Study various subjects through the medium of watercolor. Learn to communicate space, form, and color quickly. Led by Scott Johnston
May 11 - May 24, 2018 [14 days]
Intended for beginning painters or those who are new to this medium. This course will introduce participants to the medium of watercolor. If you have never painted before, or haven’t tried watercolor, the workshop will give you an appreciation for how accessible and unintimidating the medium can be once you understand a few basic principles and the wide range of ways the pigments can be applied to paper. A series of demonstrations followed by short in-class exercises will introduce students to the range of techniques watercolorists use to create the effects shown in their paintings. These exercises will include basics skills such as uniform and graded washes, but also wet-in- wet, dry brush, two and three pigment blended brush strokes, layering, masking and painting with sponges, pallet knives, and tooth brush spattering. In the following days of the workshop students will apply techniques they have learned to complete a series of studies leading to a final painting of a subject of their choosing. In morning meetings students will lay-out and discuss their latest studies of subjects they choose from local landscape scenes and historic structures, for peer and faculty comment and suggestions for improving their work. The entire portfolio of studies along with a final painting or series of paintings will be exhibited at the end of the workshop.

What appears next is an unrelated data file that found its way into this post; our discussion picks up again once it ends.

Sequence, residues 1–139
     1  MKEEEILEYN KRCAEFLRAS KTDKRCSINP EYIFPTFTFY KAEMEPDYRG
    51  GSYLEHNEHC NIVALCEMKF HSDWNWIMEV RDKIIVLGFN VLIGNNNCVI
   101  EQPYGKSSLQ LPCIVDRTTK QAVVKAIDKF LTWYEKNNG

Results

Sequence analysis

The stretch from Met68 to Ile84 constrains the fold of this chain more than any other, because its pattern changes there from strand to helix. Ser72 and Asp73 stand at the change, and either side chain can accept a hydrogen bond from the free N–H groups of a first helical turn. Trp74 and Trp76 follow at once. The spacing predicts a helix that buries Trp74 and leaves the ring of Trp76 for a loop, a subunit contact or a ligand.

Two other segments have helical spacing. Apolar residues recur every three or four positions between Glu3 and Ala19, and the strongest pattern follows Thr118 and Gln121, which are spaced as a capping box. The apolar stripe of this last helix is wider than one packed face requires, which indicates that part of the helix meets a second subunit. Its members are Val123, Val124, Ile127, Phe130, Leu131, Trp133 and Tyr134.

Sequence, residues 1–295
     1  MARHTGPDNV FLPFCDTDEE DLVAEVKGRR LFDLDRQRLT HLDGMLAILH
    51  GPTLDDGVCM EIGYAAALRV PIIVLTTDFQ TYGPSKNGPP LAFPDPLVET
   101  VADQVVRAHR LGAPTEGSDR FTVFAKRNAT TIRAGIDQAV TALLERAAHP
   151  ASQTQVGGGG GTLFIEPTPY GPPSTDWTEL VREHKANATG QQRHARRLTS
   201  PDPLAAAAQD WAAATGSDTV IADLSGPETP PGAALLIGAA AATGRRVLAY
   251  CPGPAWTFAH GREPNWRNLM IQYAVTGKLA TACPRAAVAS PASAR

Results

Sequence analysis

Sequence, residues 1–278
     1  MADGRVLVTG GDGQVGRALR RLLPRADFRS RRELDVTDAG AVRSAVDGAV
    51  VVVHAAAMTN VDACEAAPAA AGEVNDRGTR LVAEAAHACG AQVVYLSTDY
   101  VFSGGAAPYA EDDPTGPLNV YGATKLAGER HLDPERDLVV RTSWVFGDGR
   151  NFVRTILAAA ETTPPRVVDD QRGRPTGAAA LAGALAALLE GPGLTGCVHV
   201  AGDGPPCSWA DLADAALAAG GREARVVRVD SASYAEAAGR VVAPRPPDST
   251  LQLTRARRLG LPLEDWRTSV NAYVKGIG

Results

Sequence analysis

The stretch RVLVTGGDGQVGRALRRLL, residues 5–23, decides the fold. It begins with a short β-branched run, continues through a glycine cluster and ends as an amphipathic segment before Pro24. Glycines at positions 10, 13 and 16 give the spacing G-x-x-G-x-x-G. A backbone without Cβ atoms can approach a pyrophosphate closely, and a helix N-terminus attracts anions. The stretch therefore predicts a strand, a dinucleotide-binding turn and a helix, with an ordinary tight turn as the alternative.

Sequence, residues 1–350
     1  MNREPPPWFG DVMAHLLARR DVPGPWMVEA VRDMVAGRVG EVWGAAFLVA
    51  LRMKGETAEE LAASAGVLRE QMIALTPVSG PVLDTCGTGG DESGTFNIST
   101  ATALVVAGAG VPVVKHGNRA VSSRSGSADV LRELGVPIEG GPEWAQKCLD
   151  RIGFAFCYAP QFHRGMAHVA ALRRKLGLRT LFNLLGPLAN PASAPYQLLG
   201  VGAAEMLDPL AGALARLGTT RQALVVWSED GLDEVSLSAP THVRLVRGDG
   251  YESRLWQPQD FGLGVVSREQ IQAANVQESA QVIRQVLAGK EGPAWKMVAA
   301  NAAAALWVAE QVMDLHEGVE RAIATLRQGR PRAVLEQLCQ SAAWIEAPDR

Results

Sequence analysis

Technical knowledge of the watercolor medium
Understanding of how to create form and space with layered colors and shapes
Advanced visual organization skills
Advanced sensitivity to color, value, composition, texture, and pictorial depiction
STUDIO LIFE AND HISTORY
Watercolor is a quick and versatile medium. You can travel and describe situations, places and forms quickly and fluidly. Unlike oil paint, watercolor works from light to dark. You have to think multiple steps ahead. Watercolor is simultaneously expressive and intuitive. Paint dries quickly and responds to the amount of water or pigment. Designers and artists can benefit from an understanding of watercolor. It is a lifelong communication skill.